A new study conducted by three Asian-American organizations shows there are three times as many Democrats as there are Republicans among Asian-American voters, and they favor Hillary Clinton over Donald Trump. But one group, called Chinese-Americans For Trump, is going against the tide and strongly supports the business tycoon. VOA’s Elizabeth Lee caught up with them at a Trump rally and reports from Anaheim, California.
    Video

    Video Chinese-Americans Heart Trump, Bucking National Trend

    A new study conducted by three Asian-American organizations shows there are three times as many Democrats as there are Republicans among Asian-American voters, and they favor Hillary Clinton over Donald Trump. But one group, called Chinese-Americans For Trump, is going against the tide and strongly supports the business tycoon. VOA’s Elizabeth Lee caught up with them at a Trump rally and reports from Anaheim, California.
    Video

    Video Reactions to Trump's Success Polarized Abroad

    What seemed impossible less than a year ago is now almost a certainty. New York real estate mogul Donald Trump has won the number of delegates needed to secure the Republican presidential nomination. The prospect has sparked as much controversy abroad as it has in the United States. Zlatica Hoke has more.
    Video

    Video Drawings by Children in Hiroshima Show Hope and Peace

    On Friday, President Barack Obama will visit Hiroshima, Japan, the first American president to do so while in office. In August 1945, the United States dropped an atomic bomb on the city to force Japan's surrender in World War II. Although their city lay in ruins, some Hiroshima schoolchildren drew pictures of hope and peace. The former students and their drawings are now part of a documentary called “Pictures from a Hiroshima Schoolyard.” VOA's Deborah Block has the story.
    Video

    Video Vietnamese Rapper Performs for Obama

    A prominent young Vietnamese artist told President Obama said she faced roadblocks as a woman rapper, and asked the president about government support for the arts. He asked her to rap, and he even offered to provide a base beat for her. Watch what happened.
    Video

    Video Roots Run Deep for Tunisia's Dwindling Jewish Community

    This week, hundreds of Jewish pilgrims are defying terrorist threats to celebrate an ancient religious festival on the Tunisian island of Djerba. The festivities cast a spotlight on North Africa's once-vibrant Jewish population that has all but died out in recent decades. Despite rising threats of militant Islam and the country's battered economy, one of the Arab world's last Jewish communities is staying put and nurturing a new generation. VOA’s Lisa Bryant reports.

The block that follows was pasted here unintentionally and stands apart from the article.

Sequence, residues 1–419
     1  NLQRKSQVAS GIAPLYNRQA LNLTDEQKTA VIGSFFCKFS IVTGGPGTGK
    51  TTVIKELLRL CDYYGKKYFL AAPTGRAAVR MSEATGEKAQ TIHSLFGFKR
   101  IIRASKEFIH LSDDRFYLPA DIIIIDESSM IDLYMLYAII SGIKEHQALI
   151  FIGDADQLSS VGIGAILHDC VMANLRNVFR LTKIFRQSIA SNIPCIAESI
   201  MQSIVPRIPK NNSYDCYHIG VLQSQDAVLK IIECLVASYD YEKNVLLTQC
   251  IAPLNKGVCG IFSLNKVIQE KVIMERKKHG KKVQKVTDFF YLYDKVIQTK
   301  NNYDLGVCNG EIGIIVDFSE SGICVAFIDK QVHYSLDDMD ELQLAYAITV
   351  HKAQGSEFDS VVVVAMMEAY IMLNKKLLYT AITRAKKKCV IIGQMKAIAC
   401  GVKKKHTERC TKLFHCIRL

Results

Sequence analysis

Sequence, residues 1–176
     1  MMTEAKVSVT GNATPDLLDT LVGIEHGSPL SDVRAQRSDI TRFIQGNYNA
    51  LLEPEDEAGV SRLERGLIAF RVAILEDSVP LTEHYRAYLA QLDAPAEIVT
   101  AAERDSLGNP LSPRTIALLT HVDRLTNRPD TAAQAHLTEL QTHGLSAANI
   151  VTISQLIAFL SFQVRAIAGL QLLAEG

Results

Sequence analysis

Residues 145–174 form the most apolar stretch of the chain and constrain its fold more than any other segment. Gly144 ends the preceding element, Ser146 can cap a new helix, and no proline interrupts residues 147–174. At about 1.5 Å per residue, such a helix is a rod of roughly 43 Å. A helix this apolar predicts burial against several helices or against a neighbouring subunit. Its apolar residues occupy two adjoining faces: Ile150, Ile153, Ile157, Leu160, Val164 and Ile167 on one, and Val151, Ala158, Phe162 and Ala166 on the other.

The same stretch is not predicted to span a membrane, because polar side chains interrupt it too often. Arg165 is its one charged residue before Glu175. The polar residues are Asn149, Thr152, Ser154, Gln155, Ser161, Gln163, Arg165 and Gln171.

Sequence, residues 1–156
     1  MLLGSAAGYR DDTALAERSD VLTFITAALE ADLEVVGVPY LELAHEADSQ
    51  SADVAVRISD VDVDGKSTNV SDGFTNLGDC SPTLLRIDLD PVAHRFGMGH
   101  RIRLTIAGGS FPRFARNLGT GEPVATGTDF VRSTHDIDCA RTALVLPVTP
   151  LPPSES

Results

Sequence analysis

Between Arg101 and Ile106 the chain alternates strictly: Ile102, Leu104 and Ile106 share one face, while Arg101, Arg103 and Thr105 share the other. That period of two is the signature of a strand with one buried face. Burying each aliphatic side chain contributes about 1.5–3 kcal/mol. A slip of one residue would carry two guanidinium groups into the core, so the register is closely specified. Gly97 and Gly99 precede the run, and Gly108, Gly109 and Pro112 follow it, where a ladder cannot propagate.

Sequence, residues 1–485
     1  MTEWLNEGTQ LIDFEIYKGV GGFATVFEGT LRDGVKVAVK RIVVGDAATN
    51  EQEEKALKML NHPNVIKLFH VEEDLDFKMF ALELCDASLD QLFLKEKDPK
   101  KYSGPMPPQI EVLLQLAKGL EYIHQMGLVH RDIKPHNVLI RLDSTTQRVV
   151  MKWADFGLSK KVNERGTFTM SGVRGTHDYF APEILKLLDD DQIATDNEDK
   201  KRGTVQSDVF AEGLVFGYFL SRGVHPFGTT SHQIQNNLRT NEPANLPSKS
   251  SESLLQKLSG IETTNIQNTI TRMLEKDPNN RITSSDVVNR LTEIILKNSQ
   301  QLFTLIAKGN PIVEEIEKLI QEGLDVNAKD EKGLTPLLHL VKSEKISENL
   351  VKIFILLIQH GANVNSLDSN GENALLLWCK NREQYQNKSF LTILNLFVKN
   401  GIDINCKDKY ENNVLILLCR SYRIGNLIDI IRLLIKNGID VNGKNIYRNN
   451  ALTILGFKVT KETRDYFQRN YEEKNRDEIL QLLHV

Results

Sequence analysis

Video

    Video Meet Your New Co-Worker: The Robot

    Increasing numbers of robots are joining the workforce, as companies scale back and more processes become automated. The latest robots are flexible and collaborative, built to work alongside humans as opposed to replacing them. VOA’s Tina Trinh looks at the next generation of automated employees helping out their human colleagues.
    Video

    Video Wheelchair Technology in Tune With Times

    Technologies for the disabled, including wheelchair technology, are advancing just as quickly as everything else in the digital age. Two new advances in wheelchairs offer improved control and a more comfortable fit. VOA's George Putic reports.
    Video

    Video Baby Boxes Offer Safe Haven for Unwanted Children

    No one knows exactly how many babies are abandoned worldwide each year. The statistic is a difficult one to determine because it is illegal in most places. Therefore unwanted babies are often hidden and left to die. But as Erika Celeste reports from Woodburn, Indiana, a new program hopes to make surrendering infants safer for everyone.
    Video

    Video California Celebration Showcases Local Wines, Balloons

    Communities in the U.S. often hold festivals to show what makes them special. In California, for example, farmers near Fresno celebrate their figs and those around Gilmore showcase their garlic. Mike O'Sullivan reports that the wine-producing region of Temecula offers local vintages in an annual festival where rides on hot-air balloons add to the excitement.
    Video

    Video US Elementary School Offers Living Science Lessons

    Zero is not a good score on a test at school. But Discovery Elementary is proud of its “net zero” rating. Net zero describes a building in which the amount of energy provided by on-site renewable sources equals the amount of energy the building uses. As Faiza Elmasry tells us, the innovative features in the building turn the school into a teaching tool, where kids can't help but learn about science and sustainability. Faith Lapidus narrates.

    Special Report

    Adrift The Invisible African Diaspora